Bathroom breaks can be seriously complicated when you are globetrotting. A toilet seat may be missing. You may be greeted by a simple hole in the ground. Toilet paper may be replaced with a water scoop. The toilet may be fully electronic yet labeled in a completely foreign writing. Your sense of balance may be tested if squatting on the bowl is required. It is important to anticipate a whole range of restroom realities. So in the spirit of facilitating easier bathroom breaks on the go: here’s a survey of different toilet troubles and how to hack them:
1) No toilet paper – This is often the case in even the most industrialized of nations. While you may be very prepared and carrying rolls of toilet paper in developing countries it is wise to at least carry a couple tissue packets whenever traveling. I’ve seen everything from bare toilet rolls to places that charge you for toilet paper. Toilet paper shortages are not fun and are CERTAINLY not something you want to contend with if you are in a hurry or if the local cuisine has caused some kind of an emergency. Come prepared, march confidently into that cubicle or charming hole in the ground and take care of business knowing that clean up is covered.
2) Check if you can flush the toilet paper - The question of whether or not you should flush toilet paper may seem a no-brainer but in many countries you can’t do it or you will plug the plumbing up. The protocol in these cases is to dispose of the TP in the trash can that is often provided right next to the toilet. Get this right or risk very embarrassing incidents/humiliating explanations later. Guide books will most likely tell you whether or not to flush TP… but ask if you are confused.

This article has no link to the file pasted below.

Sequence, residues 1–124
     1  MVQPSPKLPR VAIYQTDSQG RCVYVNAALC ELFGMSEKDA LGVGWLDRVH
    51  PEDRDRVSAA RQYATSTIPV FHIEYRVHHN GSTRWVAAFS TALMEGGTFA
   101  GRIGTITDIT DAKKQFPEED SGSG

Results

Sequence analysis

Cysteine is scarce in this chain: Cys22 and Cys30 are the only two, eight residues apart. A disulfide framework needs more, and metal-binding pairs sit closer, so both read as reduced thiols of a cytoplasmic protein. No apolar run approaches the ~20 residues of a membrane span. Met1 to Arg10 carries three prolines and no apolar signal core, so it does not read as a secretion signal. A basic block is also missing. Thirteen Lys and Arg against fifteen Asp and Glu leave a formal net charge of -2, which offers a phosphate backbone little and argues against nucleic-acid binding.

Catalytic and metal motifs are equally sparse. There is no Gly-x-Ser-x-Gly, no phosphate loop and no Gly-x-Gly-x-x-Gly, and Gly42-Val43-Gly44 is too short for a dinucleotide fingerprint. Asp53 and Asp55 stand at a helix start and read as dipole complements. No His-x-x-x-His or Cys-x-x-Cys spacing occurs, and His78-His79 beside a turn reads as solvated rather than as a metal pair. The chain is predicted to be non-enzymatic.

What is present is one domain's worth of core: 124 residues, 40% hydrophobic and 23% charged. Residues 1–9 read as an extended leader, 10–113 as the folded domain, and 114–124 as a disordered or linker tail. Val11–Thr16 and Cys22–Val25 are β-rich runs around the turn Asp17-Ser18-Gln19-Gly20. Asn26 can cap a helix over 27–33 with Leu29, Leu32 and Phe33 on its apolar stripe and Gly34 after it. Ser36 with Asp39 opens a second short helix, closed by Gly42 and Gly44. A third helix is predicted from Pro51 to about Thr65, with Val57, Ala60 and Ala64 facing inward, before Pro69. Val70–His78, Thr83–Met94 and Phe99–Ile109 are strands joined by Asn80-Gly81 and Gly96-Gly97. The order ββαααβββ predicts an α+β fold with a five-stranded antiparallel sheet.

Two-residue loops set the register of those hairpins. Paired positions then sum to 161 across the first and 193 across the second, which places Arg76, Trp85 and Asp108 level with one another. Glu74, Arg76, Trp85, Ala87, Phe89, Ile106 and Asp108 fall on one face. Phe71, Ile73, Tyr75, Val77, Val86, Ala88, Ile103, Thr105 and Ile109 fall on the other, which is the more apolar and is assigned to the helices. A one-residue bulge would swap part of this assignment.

3) Be adventurous - When I lived in a fishing village in the Philippines, I learned to squat on the seat-less toilet bowl and then use a water scoop to take care of clean up – people just did not do TP. In fact the very thought of TP grossed locals out. Water was cleaner and more thorough. They were probably right… just took some getting used to. It was a case of being confident, stepping onto that bowl and making it work. You can do it!!
3) Do not hold it - Some newbies insist on holding it because they are too put off by the local bathroom situation to go. That turns into a problem quickly and can result in UTIs and other unwanted medical stress not to mention severe discomfort… DON’T do it!
4) Use hotels – When traveling I am ALWAYS on the lookout for hotels. If you suspect that bathroom conditions are going to be problematic, look for major hotels that cater to expats. Generally no questions are asked if you walk in confidently and use the restrooms. You will avoid fees that may be charged at local restrooms and the comfort and hygiene of a 5-star hotel is unbeatable.
5) Carry Change – Europe can be notoriously bad about free restrooms. It makes sense to carry a healthy amount of change to take care of restroom charges. It is one of those unfortunate realities that you may just have to surrender to. In Britain and Scandinavia I almost don’t even think about the bathroom charge anymore… they are basically the norm and its better to pay up than to spend your day hunting down free facilities.
Good luck everyone. Savvy global do-gooding is so much more fun on an empty bladder:)